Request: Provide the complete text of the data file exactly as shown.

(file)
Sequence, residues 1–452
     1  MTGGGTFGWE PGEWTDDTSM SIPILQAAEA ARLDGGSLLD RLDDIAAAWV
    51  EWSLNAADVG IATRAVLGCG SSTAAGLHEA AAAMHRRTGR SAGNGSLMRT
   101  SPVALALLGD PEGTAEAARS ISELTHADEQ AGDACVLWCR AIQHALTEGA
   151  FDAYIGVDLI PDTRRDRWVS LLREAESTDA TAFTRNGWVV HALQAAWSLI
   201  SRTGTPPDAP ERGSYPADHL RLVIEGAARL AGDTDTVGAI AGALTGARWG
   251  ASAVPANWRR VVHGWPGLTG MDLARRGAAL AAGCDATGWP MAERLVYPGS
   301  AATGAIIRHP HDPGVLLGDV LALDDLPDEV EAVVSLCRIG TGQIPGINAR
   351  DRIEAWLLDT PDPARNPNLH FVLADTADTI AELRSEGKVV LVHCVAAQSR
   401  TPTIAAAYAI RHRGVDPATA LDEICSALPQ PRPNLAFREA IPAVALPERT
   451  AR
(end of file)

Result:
Sequence, residues 1–452
     1  MTGGGTFGWE PGEWTDDTSM SIPILQAAEA ARLDGGSLLD RLDDIAAAWV
    51  EWSLNAADVG IATRAVLGCG SSTAAGLHEA AAAMHRRTGR SAGNGSLMRT
   101  SPVALALLGD PEGTAEAARS ISELTHADEQ AGDACVLWCR AIQHALTEGA
   151  FDAYIGVDLI PDTRRDRWVS LLREAESTDA TAFTRNGWVV HALQAAWSLI
   201  SRTGTPPDAP ERGSYPADHL RLVIEGAARL AGDTDTVGAI AGALTGARWG
   251  ASAVPANWRR VVHGWPGLTG MDLARRGAAL AAGCDATGWP MAERLVYPGS
   301  AATGAIIRHP HDPGVLLGDV LALDDLPDEV EAVVSLCRIG TGQIPGINAR
   351  DRIEAWLLDT PDPARNPNLH FVLADTADTI AELRSEGKVV LVHCVAAQSR
   401  TPTIAAAYAI RHRGVDPATA LDEICSALPQ PRPNLAFREA IPAVALPERT
   451  AR